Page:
SEPT 26- Prime Minister Manmohan Singh has confirmed what most people knew weeks ago that he will be meeting his Pakistani counterpart Nawaz Sharif in New York on Sunday.
In a statement released an hour before he boarded the flight for a five-day visit to the United States, the PM said he would interact with leaders from Bangladesh Nepal and Pakistan.
The Indian government meanwhile has defended Manmohan Singh’s decision to meet with Nawaz Sharif.
“If you have to make peace with you enemies, you need to talk to them,” said a senior foreign affairs advisor to the Prime Minister.
Government functionaries have tried to justify the meeting.
“It’s important for us to meet so that India’s concerns on terrorism, tension on the LoC and trade and economy are raised at the highest level and that can only happen if we meet with the other side,” said a foreign affairs mandarin.
Sunday’s meeting will be the first between the two prime ministers and also the first high-level interaction between the two sides since the beheading of two Indian soldiers in early January and the killing of five Indian soldiers on the LoC on August 6.
The last time that Manmohan Singh met his Pakistani counterpart was three years ago in Thimpu in 2010.
He did host a lunch for Asif Ali Zardari in Delhi last year, while the then Pakistani president was on his way to Ajmer for a pilgrimage. He also met him briefly at the NAM summit in Tehran last year
Manmohan Singh has been often criticised for his initiatives in trying to normalise relations with Pakistan.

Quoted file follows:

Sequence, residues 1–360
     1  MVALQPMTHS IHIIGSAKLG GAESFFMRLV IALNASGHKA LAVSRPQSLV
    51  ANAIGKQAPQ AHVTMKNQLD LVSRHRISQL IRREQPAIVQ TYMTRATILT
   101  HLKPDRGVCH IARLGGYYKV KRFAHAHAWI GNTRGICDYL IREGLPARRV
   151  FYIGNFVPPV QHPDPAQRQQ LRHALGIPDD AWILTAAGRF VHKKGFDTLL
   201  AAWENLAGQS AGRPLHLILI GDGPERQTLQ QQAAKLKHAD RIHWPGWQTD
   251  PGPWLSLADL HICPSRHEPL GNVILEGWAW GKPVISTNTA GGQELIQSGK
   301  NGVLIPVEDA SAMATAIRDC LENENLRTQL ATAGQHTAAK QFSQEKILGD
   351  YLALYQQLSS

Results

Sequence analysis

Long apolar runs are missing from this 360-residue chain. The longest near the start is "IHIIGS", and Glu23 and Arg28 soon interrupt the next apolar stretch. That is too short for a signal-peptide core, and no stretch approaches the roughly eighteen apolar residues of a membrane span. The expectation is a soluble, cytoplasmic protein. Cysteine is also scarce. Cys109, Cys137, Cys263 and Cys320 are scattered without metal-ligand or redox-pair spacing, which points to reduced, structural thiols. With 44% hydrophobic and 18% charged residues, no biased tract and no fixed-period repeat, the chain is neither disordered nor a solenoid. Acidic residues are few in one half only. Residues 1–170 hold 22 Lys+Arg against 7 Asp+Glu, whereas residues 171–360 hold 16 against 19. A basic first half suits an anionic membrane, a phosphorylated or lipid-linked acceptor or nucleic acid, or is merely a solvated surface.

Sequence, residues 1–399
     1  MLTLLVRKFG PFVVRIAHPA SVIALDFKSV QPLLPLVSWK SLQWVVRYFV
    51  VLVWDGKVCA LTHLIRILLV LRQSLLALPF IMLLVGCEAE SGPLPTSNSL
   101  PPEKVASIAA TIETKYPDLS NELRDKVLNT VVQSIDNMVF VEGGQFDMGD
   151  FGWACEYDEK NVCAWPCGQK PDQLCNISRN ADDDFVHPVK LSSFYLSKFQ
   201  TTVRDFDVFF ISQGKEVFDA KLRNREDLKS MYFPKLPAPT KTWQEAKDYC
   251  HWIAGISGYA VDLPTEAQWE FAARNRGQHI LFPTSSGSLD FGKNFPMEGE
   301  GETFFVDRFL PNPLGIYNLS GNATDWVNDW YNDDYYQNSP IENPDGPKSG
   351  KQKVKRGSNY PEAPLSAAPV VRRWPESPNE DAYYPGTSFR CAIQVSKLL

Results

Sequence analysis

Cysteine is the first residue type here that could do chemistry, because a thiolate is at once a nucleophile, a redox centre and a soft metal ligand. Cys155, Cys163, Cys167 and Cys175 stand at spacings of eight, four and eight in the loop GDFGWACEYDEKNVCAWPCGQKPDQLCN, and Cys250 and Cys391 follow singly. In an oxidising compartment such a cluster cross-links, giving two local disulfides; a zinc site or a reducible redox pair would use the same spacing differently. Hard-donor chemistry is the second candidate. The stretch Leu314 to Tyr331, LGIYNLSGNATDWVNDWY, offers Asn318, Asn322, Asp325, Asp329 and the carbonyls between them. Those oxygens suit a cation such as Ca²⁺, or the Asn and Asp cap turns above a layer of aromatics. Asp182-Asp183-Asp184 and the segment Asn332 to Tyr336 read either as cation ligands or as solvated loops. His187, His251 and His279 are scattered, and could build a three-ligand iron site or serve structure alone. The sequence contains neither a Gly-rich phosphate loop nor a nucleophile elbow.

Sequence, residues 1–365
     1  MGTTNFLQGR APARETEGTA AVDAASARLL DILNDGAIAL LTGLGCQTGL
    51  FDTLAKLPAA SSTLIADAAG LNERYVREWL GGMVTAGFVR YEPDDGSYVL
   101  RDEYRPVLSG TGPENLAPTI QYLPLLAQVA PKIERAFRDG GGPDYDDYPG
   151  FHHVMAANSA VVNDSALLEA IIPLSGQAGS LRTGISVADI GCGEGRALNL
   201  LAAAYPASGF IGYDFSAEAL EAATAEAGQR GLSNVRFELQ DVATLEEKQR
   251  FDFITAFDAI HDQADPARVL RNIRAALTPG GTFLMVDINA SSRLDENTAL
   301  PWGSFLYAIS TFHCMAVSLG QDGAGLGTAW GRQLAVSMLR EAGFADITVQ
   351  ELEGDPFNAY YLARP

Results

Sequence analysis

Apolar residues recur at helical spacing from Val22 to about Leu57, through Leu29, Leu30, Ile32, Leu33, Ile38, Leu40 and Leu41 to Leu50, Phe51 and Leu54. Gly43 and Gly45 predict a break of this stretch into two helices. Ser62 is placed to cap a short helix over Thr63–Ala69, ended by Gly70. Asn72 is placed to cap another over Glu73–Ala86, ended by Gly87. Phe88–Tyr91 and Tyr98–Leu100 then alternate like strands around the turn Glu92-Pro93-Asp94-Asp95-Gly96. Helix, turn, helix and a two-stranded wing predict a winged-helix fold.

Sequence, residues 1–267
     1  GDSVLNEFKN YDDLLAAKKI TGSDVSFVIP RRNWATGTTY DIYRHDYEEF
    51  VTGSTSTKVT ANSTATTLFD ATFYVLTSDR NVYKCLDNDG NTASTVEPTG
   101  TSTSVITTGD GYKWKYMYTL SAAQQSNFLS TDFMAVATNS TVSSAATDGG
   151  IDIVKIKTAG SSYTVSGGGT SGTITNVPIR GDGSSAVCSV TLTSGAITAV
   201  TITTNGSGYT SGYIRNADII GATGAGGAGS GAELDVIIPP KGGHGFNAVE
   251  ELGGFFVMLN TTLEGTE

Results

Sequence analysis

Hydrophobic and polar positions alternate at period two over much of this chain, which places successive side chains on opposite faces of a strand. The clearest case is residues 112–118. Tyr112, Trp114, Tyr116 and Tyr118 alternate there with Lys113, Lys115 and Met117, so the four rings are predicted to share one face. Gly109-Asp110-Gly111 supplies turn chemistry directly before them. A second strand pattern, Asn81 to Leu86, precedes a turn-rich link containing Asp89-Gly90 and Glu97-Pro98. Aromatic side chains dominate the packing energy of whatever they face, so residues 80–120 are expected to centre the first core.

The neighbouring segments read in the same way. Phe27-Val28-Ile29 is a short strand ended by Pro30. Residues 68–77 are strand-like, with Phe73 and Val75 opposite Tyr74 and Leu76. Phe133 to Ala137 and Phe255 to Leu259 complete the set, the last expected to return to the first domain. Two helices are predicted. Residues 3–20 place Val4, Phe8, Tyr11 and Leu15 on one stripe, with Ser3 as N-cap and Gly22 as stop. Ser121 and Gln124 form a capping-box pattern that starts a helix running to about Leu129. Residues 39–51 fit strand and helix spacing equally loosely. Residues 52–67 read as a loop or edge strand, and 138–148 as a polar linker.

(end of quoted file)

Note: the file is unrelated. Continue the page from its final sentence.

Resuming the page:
His foreign policy advisors are conscious of the fact that should the latest initiative fail to yields results, his government will be roundly criticised once again for following a weak-kneed policy towards Pakistan.
Yet his advisors believe this is a risk worth taking. “We have some very serious concerns and it’s only in the fitness of things that we raise this with the new dispensation in Pakistan,” said a senior functionary in the government.
The prime minister’s foreign policy advisors have also been trying to tone down expectations from Sunday’s meeting.
“This is the first interaction with the new Prime Minister of Pakistan. Let’s see what comes out of it. Let’s not expect anything dramatic to happen,” cautioned a senior official travelling with the PM.
Conscious of the fact that the government might come in for a fresh round of criticism from the opposition if the talks do not yield concrete results, the government has been trying to stress on the positives.
Government officials say that the very fact that talks are happening is a positive development since in diplomacy, one should never shut the door on talks and the channels of communication must always be open.
Soon after Sharif took over after the May elections in Pakistan, he expressed a desire to buy electricity from India.
The government indicated that it is willing to entertain the request on a “commercial basis”.
In fact, a delegation from the power ministry of Pakistan is expected in India in the next couple of days to work out the technicalities.